Killing a Cousin

Herod killed Jesus’s cousin. The tetrarch chopped off John the Baptizer’s head because he wanted to save face in front of guests. It doesn’t get much more brutal than that.

Let’s take stock of how Jesus responded.

He did not:

  • Call down fire on Herod’s head.
  • Stage a “Down with Herod” rally.
  • Boycott Herod’s palace.
  • Bemoan the removal of religion from the government (after all, Herod kept John around because of his troubled conscience).

Instead, he did this:

Now when Jesus heard this, he withdrew from there in a boat to a desolate place by himself. But when the crowds heard it, they followed him on foot from the towns. When he went ashore he saw a great crowd, and he had compassion on them and healed their sick.

In other words, He mourned and then got back to having compassion, healing people, and teaching the Good News. Jesus knew His Father will ultimately take care of injustices. But, more than that, He knew what mattered.

While Jesus did take time to condemn the God-deniers and religious frauds on occasion, His more immediate concerns were just that—immediate. As a bereaved cousin, He certainly had justification for going on the offensive. But He didn’t. Instead, His focus remained on something far more important than temporary pains, setbacks, annoyances, or persecution. The Good News, after all, is urgent news; there’s no time for commercial breaks, protests, and infomercials.

So, if someone says “Happy holidays” instead of “Merry Christmas” or if atheists plaster billboards all over the place calling the nativity a myth, remember how Jesus responded. Go show some Christ-love—that’s one thing no one can deny.

Going Back for More

I’ve never graduated. Sure, I’ve earned degrees and passed tests and collected rolls of paper (otherwise known as diplomas) that haven’t seen the sun in years. But I’m talking about something more basic.

The four accounts of the life of Jesus—I’ve never moved beyond them.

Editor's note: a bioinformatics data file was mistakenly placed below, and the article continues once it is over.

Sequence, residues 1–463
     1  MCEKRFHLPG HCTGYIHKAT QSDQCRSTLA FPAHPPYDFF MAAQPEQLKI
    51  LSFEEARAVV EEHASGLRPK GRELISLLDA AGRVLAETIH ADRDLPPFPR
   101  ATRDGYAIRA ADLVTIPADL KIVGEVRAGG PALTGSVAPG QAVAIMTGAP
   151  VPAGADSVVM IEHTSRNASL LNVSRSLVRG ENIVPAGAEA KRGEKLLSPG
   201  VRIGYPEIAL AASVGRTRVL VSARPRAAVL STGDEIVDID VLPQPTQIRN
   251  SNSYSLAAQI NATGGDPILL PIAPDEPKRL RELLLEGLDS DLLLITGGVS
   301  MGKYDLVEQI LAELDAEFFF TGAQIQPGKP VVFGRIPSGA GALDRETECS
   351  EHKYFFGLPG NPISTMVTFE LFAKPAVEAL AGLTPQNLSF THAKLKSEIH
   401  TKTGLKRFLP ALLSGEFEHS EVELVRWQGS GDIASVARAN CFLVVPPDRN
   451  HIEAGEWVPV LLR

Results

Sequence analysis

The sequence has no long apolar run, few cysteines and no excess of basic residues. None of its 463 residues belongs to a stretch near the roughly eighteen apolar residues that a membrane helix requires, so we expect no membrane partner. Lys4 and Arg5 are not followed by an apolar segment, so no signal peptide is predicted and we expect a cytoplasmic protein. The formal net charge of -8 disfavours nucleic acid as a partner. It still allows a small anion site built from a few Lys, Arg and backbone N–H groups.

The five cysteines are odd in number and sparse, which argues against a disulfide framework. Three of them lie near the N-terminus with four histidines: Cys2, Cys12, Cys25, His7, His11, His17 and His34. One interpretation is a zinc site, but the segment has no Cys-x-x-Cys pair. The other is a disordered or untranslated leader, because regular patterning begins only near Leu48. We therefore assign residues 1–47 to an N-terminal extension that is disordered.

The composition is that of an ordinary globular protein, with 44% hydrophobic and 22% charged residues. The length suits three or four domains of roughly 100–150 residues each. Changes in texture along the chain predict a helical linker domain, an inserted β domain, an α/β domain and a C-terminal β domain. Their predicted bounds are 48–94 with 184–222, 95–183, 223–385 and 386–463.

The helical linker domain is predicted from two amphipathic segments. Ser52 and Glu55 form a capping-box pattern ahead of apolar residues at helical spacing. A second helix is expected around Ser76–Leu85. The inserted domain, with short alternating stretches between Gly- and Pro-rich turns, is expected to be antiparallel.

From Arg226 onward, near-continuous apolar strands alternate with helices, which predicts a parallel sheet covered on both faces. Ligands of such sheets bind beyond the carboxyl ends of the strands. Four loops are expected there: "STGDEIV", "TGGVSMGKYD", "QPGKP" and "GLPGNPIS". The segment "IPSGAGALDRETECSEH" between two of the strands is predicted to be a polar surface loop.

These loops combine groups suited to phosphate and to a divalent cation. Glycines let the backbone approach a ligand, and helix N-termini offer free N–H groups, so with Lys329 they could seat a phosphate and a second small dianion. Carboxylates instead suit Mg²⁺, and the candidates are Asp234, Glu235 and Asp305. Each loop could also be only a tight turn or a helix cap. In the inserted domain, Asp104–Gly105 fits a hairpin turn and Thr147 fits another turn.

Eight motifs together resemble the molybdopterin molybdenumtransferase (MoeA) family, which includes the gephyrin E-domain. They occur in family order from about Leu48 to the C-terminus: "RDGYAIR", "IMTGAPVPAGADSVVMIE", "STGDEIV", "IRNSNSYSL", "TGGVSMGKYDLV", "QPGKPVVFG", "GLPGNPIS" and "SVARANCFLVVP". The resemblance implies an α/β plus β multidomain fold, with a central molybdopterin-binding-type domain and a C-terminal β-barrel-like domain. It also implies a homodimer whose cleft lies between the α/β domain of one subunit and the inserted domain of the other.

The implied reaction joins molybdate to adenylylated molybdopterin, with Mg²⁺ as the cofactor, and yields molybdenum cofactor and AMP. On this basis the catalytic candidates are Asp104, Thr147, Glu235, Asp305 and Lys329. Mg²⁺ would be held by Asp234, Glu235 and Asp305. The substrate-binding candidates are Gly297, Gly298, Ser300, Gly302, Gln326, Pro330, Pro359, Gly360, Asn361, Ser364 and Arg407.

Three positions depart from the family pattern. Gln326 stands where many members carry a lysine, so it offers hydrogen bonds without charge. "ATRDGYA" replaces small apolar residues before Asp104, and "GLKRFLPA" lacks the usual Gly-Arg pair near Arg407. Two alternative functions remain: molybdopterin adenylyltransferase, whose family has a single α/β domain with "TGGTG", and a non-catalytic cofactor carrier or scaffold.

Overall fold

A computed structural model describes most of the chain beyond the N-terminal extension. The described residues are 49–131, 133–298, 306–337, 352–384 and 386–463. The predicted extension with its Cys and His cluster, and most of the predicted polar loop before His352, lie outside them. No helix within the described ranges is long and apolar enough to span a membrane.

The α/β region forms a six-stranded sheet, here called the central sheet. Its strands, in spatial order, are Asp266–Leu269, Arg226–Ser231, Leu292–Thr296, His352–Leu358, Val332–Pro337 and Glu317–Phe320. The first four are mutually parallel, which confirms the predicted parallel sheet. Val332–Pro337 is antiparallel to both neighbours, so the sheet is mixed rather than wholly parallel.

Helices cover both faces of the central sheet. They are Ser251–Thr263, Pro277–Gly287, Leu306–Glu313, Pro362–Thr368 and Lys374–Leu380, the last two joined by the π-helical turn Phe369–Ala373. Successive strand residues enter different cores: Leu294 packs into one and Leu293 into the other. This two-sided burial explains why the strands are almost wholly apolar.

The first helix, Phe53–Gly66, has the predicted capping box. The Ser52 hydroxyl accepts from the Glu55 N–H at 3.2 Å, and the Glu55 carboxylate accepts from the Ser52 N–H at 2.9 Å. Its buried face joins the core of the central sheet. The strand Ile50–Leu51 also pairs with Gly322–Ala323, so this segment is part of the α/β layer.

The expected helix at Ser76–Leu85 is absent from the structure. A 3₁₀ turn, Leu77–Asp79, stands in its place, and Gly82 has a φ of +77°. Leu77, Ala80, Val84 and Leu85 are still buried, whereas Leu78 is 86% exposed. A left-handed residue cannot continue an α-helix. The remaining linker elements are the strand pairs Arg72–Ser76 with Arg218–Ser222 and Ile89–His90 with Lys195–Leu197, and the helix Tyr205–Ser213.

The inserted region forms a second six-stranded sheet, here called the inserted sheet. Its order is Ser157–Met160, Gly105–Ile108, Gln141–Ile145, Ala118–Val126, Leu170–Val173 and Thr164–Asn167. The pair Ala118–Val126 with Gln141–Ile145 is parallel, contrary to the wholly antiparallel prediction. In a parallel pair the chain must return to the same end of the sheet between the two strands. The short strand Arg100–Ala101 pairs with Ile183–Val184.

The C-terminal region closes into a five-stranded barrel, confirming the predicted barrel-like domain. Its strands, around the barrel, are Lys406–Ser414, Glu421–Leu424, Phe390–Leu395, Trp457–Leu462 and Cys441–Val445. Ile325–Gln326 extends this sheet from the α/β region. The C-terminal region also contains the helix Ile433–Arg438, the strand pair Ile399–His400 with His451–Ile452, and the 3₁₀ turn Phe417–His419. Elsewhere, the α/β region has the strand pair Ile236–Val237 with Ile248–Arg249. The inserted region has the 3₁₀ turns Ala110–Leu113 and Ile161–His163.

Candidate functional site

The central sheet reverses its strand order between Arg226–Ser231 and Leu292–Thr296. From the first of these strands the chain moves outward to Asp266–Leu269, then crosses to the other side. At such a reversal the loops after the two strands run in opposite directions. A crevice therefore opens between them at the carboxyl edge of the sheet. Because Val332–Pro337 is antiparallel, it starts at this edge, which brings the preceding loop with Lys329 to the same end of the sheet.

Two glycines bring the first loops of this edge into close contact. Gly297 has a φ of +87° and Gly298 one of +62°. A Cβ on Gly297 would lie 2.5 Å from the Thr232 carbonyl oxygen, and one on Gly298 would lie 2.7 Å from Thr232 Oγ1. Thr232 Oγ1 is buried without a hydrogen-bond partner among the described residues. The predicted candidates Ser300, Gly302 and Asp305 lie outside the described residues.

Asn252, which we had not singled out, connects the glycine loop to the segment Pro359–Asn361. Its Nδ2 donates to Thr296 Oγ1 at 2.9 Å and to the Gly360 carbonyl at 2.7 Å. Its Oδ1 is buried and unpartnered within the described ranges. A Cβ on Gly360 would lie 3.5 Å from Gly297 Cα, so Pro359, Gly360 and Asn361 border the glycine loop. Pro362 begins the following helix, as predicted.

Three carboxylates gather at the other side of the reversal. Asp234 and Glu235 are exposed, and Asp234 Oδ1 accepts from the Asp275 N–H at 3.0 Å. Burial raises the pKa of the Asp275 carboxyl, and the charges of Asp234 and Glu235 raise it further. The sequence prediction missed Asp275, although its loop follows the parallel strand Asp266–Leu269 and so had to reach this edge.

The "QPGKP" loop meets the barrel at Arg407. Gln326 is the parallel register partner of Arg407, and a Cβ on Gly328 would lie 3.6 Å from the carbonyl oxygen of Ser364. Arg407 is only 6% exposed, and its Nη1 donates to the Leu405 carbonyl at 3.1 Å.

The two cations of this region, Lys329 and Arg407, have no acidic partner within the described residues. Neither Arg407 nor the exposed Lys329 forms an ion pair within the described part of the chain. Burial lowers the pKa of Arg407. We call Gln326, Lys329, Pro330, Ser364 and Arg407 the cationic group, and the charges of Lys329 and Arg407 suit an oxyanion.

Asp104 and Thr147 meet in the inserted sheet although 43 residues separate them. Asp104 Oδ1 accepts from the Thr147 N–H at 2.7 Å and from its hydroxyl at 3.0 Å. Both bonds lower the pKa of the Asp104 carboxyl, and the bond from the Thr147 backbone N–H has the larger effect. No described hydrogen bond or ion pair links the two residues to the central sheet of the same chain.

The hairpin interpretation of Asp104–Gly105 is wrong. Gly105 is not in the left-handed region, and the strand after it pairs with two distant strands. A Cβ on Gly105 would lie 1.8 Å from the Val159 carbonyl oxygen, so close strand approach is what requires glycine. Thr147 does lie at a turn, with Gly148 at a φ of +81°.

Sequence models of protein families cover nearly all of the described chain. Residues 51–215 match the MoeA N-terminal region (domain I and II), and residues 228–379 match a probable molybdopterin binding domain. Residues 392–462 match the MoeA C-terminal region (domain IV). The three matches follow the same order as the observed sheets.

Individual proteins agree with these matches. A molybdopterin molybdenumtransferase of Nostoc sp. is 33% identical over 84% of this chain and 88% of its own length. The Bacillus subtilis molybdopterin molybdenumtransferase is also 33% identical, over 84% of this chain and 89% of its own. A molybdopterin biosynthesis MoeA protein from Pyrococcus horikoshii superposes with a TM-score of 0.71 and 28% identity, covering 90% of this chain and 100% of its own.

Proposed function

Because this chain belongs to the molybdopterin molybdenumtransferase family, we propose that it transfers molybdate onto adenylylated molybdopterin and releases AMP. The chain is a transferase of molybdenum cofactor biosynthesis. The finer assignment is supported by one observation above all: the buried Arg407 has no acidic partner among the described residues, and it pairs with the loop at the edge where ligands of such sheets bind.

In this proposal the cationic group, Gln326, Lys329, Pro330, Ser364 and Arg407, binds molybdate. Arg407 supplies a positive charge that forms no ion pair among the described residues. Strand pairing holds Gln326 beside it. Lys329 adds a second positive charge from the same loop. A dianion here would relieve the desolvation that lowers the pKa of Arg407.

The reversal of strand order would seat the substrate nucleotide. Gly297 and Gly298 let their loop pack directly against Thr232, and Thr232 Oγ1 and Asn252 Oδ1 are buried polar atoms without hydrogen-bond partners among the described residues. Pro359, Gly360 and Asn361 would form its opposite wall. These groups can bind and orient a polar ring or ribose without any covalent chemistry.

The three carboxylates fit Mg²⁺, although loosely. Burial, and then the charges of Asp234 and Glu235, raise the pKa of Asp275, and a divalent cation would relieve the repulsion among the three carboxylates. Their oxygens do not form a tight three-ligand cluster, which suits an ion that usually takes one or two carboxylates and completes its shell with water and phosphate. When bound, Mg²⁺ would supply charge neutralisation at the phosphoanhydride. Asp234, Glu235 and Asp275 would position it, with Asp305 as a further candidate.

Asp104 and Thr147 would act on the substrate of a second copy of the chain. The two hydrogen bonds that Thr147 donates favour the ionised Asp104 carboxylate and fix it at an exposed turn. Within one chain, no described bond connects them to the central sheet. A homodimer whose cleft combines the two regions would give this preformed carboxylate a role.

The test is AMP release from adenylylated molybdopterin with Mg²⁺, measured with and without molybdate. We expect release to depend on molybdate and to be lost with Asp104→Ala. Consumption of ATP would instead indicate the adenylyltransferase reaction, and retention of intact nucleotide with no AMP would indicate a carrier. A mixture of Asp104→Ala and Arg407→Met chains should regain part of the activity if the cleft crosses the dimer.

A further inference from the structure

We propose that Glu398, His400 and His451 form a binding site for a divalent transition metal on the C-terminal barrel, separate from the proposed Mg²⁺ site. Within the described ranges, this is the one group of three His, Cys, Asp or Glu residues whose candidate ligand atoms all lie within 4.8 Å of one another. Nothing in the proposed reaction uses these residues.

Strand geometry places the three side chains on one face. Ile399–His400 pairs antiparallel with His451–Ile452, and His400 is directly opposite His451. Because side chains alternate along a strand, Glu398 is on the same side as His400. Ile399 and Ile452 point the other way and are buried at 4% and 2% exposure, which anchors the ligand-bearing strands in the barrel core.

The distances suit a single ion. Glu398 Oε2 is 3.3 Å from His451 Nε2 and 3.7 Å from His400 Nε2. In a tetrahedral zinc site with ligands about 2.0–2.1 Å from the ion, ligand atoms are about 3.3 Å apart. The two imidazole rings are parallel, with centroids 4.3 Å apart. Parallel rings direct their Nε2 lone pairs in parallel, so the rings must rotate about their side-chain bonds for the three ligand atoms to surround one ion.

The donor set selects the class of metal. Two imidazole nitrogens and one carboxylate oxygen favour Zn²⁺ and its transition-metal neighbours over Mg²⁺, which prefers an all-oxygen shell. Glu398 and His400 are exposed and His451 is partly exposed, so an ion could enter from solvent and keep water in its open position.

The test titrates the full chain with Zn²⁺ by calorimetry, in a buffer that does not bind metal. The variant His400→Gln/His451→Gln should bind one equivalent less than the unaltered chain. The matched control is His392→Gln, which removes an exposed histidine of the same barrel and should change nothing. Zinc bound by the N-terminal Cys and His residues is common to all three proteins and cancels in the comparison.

I can empty epistles, handle histories, wrap my head around wisdom, but the longer I study those, the more I sneak back to the four standbys. I’ll attack Hebrews from every which translation I can find—and then wonder what John has to say. I’ll dig down into Solomon’s brains—and then go scrambling for Matthew’s take.

There’s something about those four books—Someone, I should say—that points all my devotions there. If I haven’t read one in a few weeks, you’ll find me there pushing Zacchaeus over for a better look.

And, really, I hope I never move beyond that. The gospel isn’t just for newbies or infants. It’s fundamental for continued growth. You never outgrow Mark and never out-hustle Luke; you only realize what you missed the last time through. The gospels are more than the runway; they’re the airplane.

If you need me, you know where to find me.

A Name Change and a Vision

You may have noticed that the name of this blog has changed slightly from “Riding Blind” to “Riding Shotgun.” I never meant to imply that God leaves us in the dark about His plans completely. After all, He gave us 66 books of meaty goodness to learn all about that. Mainly, the title simply meant that you, my faithful readers, wouldn’t know all the details until I was ready to share—and was sure myself.

But now that I’ve had the confirmation I prayed for, I wanted to share the vision He’s given me. Ready?

Vision Statement: To plant a biblically faithful, culturally relevant church that reaches the least, the last, and the lost; that equips a diverse community of Christ-followers to grow in fellowship and Bible study, to share their faith in love, and to multiply themselves through discipleship; and that transforms a city and beyond by declaring and showing God’s unconditional love and grace.

Thoughts? Anybody want to come?

What Is the Church?

As I’m continuing to scheme and read, I came across this definition of church that I couldn’t have put better myself. Enjoy:

“The local church is a community of regenerated believers who confess Jesus Christ as Lord. In obedience to Scripture, they organize under qualified leadership, gather regularly for preaching and worship, observe the biblical sacraments of baptism and Communion, are unified by the Spirit, are disciplined for holiness, and scatter to fulfill the Great Commandment and the Great Commission as missionaries to the world for God’s glory and their joy.” Mark Driscoll and Dr. Gerry Breshears, Vintage Church

As I’m Working …

I’m building a list of ideas to serve a particular community (more on this later), and I thought I would share them here (especially since I stole most of these).

Ideas to impact a community:

  • Find cultural interests and needs and offer a “safe place” for the uncertain (e.g., an art house, a coffee shop, a restaurant, a clinic).
  • Emphasize acceptance no matter appearance or background.
  • Challenge cherished religious ideas with grace.
  • Reach out to culturally diverse churches and neighborhoods.
  • Do what no one else wants to do in love.
  • Meet with and love the antagonistic.
  • Present a non-traditional image with logo, worship location, and approach to discipleship.
  • Take the gospel to the college kids and give them easy inroads through music, art, and free counseling.
  • In fact, offer free counseling to anyone.
  • Pour out love to single moms and those with unplanned pregnancies.